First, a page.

This week marks the 77th anniversary of the Nazi-Soviet Pact of 1939. Most people know nothing about this treaty, assuming, if anything, it was two countries agreeing to a truce. Far more than a peace treaty, the Nazi-Soviet Pact allowed Germany to invade portions of Eastern Europe and accomplish the unthinkable.
While the United States did fight alongside the Soviet Union late in World War II, many forget that the Soviets and Germans were allied early on as part of Hitler's strategy.
"He didn't think he had enough firepower to fight a two-front war, so he kept them at bay with this treaty and wound up killing everybody else, and the Soviets stood by and watched and did a bunch of their own stuff. It wasn't until after that we wound up allying with them. I mean, it's a really terrible and overlooked moment of history, particularly in that war," Co-host Stu Burguiere said.
Ilya Somin, law professor at George Mason University, joined The Glenn Beck Program on Friday to discuss his new book, Democracy and Political Ignorance: Why Smaller Government is Smarter. Somin, who lost family members directly because of the Nazi-Soviet Pact, is an expert on the subject.
"One of the immediate results of the Nazi-Soviet Pact was the war between the Soviet Union and Finland, which the Soviet Union invaded Finland because, as part of their agreement with the Germans, Finland fell within the Soviet sphere," Somin explained.
His great uncle was a Russian soldier who was killed in the Russo-Finnish War.
"I also lost a large number of other relatives to the Holocaust and World War II, more generally, and the Nazi-Soviet Pact played a major role in all of that as well," Somin said.
Glenn then asked about Somin's belief that the Nazi-Soviet Pact was one of the biggest mistakes for peace in world history.
"I think it's actually worse than a mistake. The Munich agreement between the British and the French and the Nazis, that was a mistake in that Neville Chamberlain, I think, genuinely wanted peace, but he badly screwed up on how to get it. On the other hand, the agreement between Stalin and Hitler was not just a mistake; it was an actual crime. Because these were two brutal mass murdering dictators who deliberately sought to carve up much of Eastern Europe between them, in ways that led to mass murder and enormous suppression for many millions of people. So there were some mistakes involved, perhaps especially on Stalin's part, but fundamentally it was much worse than merely a mistake," Somin said.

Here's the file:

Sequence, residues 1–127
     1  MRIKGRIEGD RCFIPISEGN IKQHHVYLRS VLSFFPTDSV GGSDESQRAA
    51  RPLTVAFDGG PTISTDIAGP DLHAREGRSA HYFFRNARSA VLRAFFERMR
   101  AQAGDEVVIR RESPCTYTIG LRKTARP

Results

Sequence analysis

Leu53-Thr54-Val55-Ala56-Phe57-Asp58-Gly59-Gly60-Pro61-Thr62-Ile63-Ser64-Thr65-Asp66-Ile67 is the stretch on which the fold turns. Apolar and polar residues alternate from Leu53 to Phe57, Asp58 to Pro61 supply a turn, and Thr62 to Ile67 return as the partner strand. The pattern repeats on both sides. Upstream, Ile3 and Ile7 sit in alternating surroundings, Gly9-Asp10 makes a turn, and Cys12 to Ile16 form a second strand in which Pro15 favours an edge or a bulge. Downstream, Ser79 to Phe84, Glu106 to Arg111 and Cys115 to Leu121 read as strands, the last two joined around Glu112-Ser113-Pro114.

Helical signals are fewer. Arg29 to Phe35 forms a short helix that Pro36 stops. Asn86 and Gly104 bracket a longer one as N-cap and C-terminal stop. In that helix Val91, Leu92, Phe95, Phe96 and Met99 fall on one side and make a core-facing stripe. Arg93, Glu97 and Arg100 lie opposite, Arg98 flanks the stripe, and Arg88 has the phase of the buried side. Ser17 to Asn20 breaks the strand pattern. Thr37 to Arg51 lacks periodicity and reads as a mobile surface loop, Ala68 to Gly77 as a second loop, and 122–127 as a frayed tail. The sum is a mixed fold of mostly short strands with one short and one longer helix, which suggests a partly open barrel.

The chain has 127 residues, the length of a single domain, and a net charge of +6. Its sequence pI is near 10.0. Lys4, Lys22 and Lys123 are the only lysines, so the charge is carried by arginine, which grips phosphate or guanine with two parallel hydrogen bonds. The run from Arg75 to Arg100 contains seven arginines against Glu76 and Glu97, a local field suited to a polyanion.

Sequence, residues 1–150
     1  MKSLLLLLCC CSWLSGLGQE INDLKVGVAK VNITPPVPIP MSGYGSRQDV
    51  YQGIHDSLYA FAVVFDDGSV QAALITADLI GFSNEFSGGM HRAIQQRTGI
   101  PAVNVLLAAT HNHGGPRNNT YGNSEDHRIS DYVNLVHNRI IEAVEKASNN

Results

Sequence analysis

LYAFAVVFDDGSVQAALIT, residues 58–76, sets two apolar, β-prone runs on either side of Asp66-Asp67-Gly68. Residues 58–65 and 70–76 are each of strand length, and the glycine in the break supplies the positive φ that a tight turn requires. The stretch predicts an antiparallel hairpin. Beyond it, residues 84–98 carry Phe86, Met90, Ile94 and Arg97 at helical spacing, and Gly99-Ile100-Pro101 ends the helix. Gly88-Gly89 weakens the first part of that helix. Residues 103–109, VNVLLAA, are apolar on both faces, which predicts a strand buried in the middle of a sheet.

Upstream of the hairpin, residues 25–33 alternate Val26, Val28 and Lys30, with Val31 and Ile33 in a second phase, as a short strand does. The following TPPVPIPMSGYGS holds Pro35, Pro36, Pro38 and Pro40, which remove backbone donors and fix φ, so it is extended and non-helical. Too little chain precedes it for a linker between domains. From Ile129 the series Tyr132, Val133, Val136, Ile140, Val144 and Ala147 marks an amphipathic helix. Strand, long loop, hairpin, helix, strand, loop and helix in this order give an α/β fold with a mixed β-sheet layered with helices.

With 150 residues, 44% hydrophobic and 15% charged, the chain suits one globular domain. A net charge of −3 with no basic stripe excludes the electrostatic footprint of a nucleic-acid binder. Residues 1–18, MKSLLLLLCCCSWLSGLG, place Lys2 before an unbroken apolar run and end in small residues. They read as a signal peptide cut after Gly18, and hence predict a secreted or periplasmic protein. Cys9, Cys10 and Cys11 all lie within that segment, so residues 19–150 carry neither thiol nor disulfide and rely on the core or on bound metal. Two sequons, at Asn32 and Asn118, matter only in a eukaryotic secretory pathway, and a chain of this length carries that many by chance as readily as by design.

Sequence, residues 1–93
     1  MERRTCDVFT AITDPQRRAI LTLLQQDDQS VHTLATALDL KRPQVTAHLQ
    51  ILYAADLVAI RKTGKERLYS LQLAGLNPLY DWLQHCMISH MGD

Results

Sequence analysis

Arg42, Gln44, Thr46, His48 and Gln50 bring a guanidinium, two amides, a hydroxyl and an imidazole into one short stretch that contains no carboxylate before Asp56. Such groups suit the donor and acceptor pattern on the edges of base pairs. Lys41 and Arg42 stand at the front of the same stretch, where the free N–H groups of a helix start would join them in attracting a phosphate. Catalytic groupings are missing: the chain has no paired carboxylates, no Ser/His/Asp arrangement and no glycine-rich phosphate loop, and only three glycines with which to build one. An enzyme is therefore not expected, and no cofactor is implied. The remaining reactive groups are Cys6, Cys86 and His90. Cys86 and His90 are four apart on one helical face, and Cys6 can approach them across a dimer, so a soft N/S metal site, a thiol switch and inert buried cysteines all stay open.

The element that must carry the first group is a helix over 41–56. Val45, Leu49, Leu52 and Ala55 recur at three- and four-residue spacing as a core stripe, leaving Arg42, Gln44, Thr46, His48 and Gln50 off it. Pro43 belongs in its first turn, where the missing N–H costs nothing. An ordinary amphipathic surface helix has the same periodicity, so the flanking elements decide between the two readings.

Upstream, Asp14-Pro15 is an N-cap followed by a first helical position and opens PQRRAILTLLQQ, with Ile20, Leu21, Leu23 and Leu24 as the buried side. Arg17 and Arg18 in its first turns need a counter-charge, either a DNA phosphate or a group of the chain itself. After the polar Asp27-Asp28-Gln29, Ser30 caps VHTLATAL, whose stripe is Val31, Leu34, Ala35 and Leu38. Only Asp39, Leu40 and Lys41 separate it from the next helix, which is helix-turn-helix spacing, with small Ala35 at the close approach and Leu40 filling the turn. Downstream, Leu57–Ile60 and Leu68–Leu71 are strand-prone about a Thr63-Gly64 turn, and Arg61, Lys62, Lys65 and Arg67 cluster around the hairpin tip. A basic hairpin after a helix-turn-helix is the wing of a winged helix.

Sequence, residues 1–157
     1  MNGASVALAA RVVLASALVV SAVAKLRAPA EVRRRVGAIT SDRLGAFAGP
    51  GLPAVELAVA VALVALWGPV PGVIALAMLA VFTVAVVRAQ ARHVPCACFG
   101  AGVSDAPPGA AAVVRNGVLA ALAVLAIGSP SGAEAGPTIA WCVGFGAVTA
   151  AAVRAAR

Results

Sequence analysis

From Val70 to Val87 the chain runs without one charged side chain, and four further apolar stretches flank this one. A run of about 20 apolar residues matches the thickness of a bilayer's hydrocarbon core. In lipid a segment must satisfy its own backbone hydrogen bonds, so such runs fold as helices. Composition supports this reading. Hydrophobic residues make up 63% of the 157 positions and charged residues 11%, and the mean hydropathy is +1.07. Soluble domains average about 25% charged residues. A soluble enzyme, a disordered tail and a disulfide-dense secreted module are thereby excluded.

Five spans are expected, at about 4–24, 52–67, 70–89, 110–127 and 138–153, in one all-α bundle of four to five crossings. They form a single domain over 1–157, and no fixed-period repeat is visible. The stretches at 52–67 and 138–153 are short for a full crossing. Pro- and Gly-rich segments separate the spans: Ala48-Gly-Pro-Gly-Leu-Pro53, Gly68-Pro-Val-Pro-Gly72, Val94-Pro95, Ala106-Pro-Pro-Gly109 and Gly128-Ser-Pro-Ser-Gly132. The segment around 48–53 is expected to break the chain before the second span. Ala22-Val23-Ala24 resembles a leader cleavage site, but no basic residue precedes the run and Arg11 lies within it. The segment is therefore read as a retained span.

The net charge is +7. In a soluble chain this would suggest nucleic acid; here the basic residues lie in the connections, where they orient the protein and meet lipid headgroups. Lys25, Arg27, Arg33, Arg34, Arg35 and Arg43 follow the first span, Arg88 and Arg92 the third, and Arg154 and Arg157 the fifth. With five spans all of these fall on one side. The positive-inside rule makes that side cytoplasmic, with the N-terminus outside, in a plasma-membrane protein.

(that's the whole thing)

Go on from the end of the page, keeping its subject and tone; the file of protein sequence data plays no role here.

How the Nazi-Soviet Pact ended is of some dispute between historians, although Somin has a preferred theory.
"I think the most plausible theory is that Stalin saw a couple different advantages in signing the deal with Hitler," Somin said.
Out of curiosity, Glenn asked who Somin considered the most evil --- Mao, Hitler or Stalin.
"How would you rank them? Because the world would always put Hitler up at the top," Glenn said.
"It depends on how you want to do the ranking. If you just want to rank it by the number of innocent people that they slaughtered, Mao would have to rank at the top. Probably as many as over 40 million people, which is more than the number of victims of Stalin and much more than the number of victims of Hitler. You could say, however, well, that was just because Mao ruled a country with an enormous population for 27 years, whereas Stalin ruled a country with a smaller population than China. And Hitler had only 12 years in power," Somin said.
The professor had a more relevant approach to analyze the three evil men.
"What I think is important to remember, at the very least, that the three of them are comparable evils. Although historians are certainly aware of the crimes of Mao and Stalin, they get much less press and much less attention than those of Hitler do. And I think that's unfortunate, even though as I mentioned before, I certainly lost relatives in the Holocaust. I have no desire to minimize Hitler's crimes in any way," Somin said.
Democracy and Political Ignorance: Why Smaller Government is Smarter is available at bookstores everywhere.
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Featured Image: A woman holds up cards featuring (from L to R) Mao Zedong, Josef Stalin, Nicolae Ceausescu and Adolf Hitler from the 'Das Fuehrer Quartett' (Tyrant Quartet) card game at a Berlin shop on July 17, 2008. The game is based on a popular German children's card game called Quartet, (in English 'Happy Families'). In this version, the cards present pictures and information on notorious historical figures such as Joseph Stalin, Francisco Franco and Adolf Hitler. (Photo Credit: JOHN MACDOUGALL/AFP/Getty Images)